In the last years I have curated several public art projects and I investigated architecture topics within museums and art galleries. My curatorial practice, broadened between art and architecture, is combining different approaches from developing structures to support either the work of others, forms of political imaginary, existing and fictional realities, to wider inquiries such as forms of commonality and discursive sites. The result of my research shows projects that merge together exhibitions, politics, fiction, display, public space, writing, and whatever else feels urgent at the time.
Being very attentive to most of these complex issues, I then developed several exhibitions, as "Cities", part of the preview of Festa dell’Architettura in Rome with the lectio magistralis of Paolo Soleri at Auditorium Parco della Musica, also showed at Torrance Art Museum in the South Bay of Los Angeles in 2011; as "Sensational Architecture" group show with two site-specific video installations of Mark Lewis and Spencer Tunick at Auditorium Parco della Musica, Rome, in 2012. I have also curated many others shows with: Michael Wolf, Gabriele Basilico, Catherine Opie, William E. Jones, Olaf Otto Becker and others; in which I have analyzed transformation of cities and landscapes topics.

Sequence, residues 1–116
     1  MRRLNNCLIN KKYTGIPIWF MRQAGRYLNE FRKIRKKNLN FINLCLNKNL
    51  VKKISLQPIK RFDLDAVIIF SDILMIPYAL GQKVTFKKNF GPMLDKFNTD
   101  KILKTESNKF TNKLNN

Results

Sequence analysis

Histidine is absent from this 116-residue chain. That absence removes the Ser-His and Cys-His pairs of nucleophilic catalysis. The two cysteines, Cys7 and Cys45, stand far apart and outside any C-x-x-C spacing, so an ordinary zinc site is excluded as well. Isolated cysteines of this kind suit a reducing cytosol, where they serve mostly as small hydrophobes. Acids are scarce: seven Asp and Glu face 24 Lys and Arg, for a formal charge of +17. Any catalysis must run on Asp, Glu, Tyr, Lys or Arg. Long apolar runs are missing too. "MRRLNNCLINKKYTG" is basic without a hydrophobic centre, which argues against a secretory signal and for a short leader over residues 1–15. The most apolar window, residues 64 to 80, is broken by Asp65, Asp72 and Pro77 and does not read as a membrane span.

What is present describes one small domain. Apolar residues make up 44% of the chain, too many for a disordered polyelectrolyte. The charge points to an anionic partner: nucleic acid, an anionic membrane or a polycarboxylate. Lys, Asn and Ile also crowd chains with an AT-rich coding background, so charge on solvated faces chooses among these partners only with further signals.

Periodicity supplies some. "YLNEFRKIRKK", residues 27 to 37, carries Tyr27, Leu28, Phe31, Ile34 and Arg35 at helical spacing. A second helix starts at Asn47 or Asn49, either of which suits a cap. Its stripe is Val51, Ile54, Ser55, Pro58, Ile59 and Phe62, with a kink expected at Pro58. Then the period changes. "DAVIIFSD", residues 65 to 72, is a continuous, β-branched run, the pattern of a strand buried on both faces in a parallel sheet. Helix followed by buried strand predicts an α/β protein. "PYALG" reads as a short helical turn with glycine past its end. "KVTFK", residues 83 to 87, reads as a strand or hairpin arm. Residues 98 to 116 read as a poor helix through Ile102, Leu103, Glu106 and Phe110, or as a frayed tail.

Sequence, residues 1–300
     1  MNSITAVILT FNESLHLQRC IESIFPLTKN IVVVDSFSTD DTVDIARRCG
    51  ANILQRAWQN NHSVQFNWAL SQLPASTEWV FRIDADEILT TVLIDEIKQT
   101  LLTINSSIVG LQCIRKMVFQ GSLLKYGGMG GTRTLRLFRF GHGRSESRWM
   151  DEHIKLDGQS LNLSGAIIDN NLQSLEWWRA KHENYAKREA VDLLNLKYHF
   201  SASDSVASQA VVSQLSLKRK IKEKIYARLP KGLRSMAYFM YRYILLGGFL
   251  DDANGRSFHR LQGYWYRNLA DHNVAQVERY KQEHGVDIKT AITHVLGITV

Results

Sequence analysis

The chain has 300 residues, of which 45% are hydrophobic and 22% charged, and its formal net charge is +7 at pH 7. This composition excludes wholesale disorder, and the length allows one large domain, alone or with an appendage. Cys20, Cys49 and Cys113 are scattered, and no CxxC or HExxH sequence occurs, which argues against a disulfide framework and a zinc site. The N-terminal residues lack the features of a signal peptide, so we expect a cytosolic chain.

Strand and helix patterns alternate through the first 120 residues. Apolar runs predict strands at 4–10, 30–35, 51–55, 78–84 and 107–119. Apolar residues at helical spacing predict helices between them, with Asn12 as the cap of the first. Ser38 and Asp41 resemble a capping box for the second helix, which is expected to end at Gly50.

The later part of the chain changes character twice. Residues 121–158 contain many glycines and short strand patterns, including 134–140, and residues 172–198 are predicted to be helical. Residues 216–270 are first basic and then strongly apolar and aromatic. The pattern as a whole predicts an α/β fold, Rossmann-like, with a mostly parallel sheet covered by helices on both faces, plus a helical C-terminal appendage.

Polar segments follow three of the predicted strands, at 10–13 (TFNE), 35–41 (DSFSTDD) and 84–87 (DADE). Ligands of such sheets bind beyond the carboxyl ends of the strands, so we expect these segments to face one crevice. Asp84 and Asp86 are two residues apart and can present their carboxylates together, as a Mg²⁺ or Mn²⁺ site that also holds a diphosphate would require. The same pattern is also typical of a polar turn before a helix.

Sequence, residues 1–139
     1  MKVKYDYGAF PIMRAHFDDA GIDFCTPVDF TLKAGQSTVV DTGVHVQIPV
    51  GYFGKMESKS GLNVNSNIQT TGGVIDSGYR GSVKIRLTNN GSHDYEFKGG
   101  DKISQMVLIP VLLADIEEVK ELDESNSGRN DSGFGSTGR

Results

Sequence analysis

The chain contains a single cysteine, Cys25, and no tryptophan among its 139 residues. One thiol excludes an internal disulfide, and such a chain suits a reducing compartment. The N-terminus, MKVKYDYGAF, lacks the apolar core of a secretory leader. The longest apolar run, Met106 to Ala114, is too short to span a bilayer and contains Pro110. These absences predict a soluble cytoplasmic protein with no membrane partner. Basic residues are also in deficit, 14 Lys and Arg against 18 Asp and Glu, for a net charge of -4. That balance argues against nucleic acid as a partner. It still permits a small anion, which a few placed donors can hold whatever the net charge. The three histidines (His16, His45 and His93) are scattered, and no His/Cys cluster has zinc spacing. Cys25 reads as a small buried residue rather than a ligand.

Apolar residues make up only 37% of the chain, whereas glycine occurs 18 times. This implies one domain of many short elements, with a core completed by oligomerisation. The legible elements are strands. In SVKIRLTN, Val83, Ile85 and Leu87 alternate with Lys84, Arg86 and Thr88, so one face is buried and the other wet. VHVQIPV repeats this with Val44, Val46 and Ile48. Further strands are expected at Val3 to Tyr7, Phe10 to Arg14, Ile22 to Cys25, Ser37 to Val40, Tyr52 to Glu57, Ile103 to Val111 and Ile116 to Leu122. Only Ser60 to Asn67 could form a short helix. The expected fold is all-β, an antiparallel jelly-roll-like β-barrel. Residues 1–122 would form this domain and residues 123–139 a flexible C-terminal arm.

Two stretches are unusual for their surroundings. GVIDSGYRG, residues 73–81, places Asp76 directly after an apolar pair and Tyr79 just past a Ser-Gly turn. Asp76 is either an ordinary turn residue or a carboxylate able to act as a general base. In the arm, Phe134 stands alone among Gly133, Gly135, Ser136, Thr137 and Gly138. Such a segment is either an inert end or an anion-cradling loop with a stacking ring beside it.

'Diminished Capacity' Nigerian Pavilion photo – Barbara Rossi © 2016 courtesy Ola-Dele Kuku Projects
AM: As you wrote in the Curator’s note: “Conflict is one of the recurrent themes in the work of Ola-Dele Kuku. The architect–artist sees that as one of the driving mechanisms in our world, and as a tool to set change in motion”. In your opinion, in which way conflicts, external but also internal ones, pervade the work of Kuku?
CB: My curatorial approach seeks to examine how Ola Dele Kuku have not only focused on Nigerian history, but also simultaneously investigated the mobility’s conditions in relation to the actuality with innovative installation chosen to re-write the diminished capacity of a territory.
Conflict is one of the recurrent themes in the work of Ola-Dele Kuku. The architect-artist sees conflict as one of the driving mechanisms in our world, and as a tool to set change in motion. Conflict has played a crucial role since the dawn of creation. The diminished capacity is a part of the mechanism of a state of conflict. The existing hierarchy is at its zenith and is therefore about to fall. And although social media sometimes give the impression that our world is just a village, we are still increasingly concerned with what is happening outside our own front door. How our world will evolve is not still unclear, but there is no doubt that conflict stimulates change. It stands the existing order on its head and inspires innovation.